Gross margins declined $2.6 million, with $5.2 million due to reduced profitability with one of our suppliers, while profitability with our other suppliers increased $2.3 million. Sales volume contributed $0.3 million. Margins for the fiscal year were 16.6% of net sales, compared to 17.1% last year.

SG&A expenses declined $9.5 million from last year as a result of cost reductions, including $4.5 million for bad debt and stock option forfeitures discussed earlier.

EBITDA for the fiscal year is $21.9 million, which is an increase of $4.4 million from last year. Net income for the fiscal year was $1.3 million, compared to last year's loss of $36.9 million. Last year included a charge for goodwill impairment of $35 million.

Fully diluted earnings per share were $0.05 versus a $1.52 loss last year. Earnings per share without amortization or cash basis EPS was $0.23. Earnings per share adjusted for the one-time charges were $0.32. One-time charges included the legal settlement in the second quarter of $0.04 million in foreign currency write-off in the third quarter of $0.04 million and the amortization of expenses associated with unwinding the interest rate swap of $2.9 million. The after tax amount of these items was $2.3 million or $0.09 per share, resulting in an adjusted earnings per share of $0.32.

At the end of June, they were 41 days of networking capital. Our average for the last 12 months was 43.5 days. Capital expenditures were $0.5 million for the quarter. The fixed charge ratio is 2.25 times on a trailing 12-month basis. The company's in compliance with its bank covenants. And at June 30th, 2010, the company's availability under its revolver totaled $34 million.

We believe that guidance for next year that our EBITDA for the new fiscal year and in June 2011 will be in the range of $25 million to $27 million.

And with that, I'll turn it back over to Mr. Robison.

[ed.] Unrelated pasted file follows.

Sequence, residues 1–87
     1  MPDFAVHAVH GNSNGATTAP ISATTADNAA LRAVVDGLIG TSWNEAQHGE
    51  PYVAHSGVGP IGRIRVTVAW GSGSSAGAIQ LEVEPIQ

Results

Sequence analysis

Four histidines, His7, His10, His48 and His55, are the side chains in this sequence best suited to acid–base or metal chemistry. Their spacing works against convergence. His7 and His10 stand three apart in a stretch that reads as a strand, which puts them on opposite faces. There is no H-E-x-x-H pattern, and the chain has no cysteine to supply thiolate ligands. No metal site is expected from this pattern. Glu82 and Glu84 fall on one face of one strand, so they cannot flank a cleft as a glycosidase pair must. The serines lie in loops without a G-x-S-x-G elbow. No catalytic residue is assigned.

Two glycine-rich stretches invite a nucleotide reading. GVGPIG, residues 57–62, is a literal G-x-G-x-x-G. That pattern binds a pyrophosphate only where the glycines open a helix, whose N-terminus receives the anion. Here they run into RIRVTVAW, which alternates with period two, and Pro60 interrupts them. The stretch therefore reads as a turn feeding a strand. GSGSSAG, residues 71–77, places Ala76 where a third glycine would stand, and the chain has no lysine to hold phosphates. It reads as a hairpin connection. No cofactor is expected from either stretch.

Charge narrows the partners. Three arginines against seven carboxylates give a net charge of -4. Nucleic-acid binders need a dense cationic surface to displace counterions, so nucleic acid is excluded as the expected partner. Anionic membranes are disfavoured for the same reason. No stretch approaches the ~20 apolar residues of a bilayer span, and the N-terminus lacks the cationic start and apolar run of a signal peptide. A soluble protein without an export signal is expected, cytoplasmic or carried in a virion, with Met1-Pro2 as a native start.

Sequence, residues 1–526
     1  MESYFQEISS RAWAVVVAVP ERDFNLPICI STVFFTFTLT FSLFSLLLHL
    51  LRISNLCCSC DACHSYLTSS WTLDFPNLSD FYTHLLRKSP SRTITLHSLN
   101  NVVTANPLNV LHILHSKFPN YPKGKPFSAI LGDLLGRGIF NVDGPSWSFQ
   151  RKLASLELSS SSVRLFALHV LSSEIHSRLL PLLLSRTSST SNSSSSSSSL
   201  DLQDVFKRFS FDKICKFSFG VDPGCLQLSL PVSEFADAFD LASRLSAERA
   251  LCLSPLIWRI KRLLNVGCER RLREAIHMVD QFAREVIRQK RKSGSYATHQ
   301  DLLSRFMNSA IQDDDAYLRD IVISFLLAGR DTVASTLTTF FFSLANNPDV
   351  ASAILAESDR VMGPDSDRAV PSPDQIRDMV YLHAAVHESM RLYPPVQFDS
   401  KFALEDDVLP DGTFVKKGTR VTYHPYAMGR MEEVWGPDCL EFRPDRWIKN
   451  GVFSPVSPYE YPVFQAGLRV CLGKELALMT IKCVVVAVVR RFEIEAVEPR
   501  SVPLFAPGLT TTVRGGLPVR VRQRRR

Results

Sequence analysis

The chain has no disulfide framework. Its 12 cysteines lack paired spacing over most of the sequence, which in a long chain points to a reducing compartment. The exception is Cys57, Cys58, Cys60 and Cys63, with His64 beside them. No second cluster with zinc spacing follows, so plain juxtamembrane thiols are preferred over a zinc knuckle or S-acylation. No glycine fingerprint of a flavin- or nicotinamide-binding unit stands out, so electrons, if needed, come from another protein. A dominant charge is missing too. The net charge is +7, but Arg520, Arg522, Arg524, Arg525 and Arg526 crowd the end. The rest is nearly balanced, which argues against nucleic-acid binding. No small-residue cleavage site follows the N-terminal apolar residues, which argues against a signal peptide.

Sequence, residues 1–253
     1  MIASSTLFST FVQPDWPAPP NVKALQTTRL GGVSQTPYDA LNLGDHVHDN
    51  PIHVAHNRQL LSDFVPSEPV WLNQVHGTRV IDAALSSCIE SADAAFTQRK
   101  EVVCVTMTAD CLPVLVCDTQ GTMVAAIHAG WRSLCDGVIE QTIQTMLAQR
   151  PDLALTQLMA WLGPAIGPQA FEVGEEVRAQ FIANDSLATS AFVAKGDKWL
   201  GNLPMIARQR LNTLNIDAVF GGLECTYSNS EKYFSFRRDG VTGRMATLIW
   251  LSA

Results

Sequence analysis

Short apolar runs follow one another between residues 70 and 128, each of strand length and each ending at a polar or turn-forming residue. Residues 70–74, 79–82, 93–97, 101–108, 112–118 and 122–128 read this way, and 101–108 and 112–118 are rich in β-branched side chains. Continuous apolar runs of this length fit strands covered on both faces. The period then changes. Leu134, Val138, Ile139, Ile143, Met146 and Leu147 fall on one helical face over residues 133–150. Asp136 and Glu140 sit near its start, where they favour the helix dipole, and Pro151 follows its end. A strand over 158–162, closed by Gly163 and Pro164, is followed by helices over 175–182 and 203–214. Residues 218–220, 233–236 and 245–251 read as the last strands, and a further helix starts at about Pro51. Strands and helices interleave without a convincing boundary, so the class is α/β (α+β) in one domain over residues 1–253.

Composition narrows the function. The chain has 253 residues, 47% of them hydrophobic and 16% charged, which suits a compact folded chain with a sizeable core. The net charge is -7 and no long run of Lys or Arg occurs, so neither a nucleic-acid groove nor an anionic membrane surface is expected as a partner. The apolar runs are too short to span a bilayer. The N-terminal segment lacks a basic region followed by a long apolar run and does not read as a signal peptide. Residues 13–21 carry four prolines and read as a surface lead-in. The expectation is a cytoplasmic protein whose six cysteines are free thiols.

Jim Robison

Thanks, Bill. We felt the quarter was another sign of our company's return to growth and improved profitability. And following a relatively strong quarter in Q3, we're encouraged.

Our service levels are currently very high. Our managers and sales force are fully engaged with our customers. We have several exciting products and services that we're in the process of launching. Our customers' businesses, as commented by several of the analysts and noted in the industry, are increasingly profitable. Our vendor relationships are good. And we see that as our industry becomes increasingly profitable that our sales and profitability will reflect these improvements.

The first two quarters, as Bill noted for the year, were relatively weak and pretty tough. The last few quarters were strong. We think this starts a good trend for coming into the new fiscal year. In the fiscal year, we plan to add 15 sales people, open three locations, launch significant new products and services, and continue to pursue acquisitions where appropriate.

So all-in-all, we felt the quarter is very good, obviously coming out of a tough year and a tough time for our industry. And we're very encouraged and excited about the new fiscal year.

With that, I'll open it up to questions.

Question-and-Answer Session

Operator

Thank you. We will now be conducting a question-and-answer session. (Operator Instructions) Our first question comes from Mark Arnold with Piper Jaffray. Please proceed with your question.

Mark Arnold – Piper Jaffray

Good morning, guys, nice quarter.

Jim Robison

Thanks, Mark.

Mark Arnold – Piper Jaffray

I guess just to start with – on the guidance, maybe you can just – Jim, can you just give us a sense as to how you feel or how much better do you feel about visibility into market demand over the next four quarters relative to the previous couple of years when you guys had given guidance?

Jim Robison

We thought last year, at this time, that the industry would improve. Everyone was anticipating that milk prices would be heading north rather quickly. They didn't. The beef business dragged a little bit. Milk prices are currently in the $16 range, a little bit of bump in feed costs. But it looks like – certainly, our customers have gotten through the toughest of times. And particularly in the dairy business, they are seeing some continued challenges. But I think at least they're all very hopeful. And they're purchasing averages are starting to reflect that.

On the beef side, the numbers are very low. There've been a number of articles recently in some of the financial journals about the beef industry global demand, domestic demand, a relatively tight supply. So we have very good visibility on the beef business.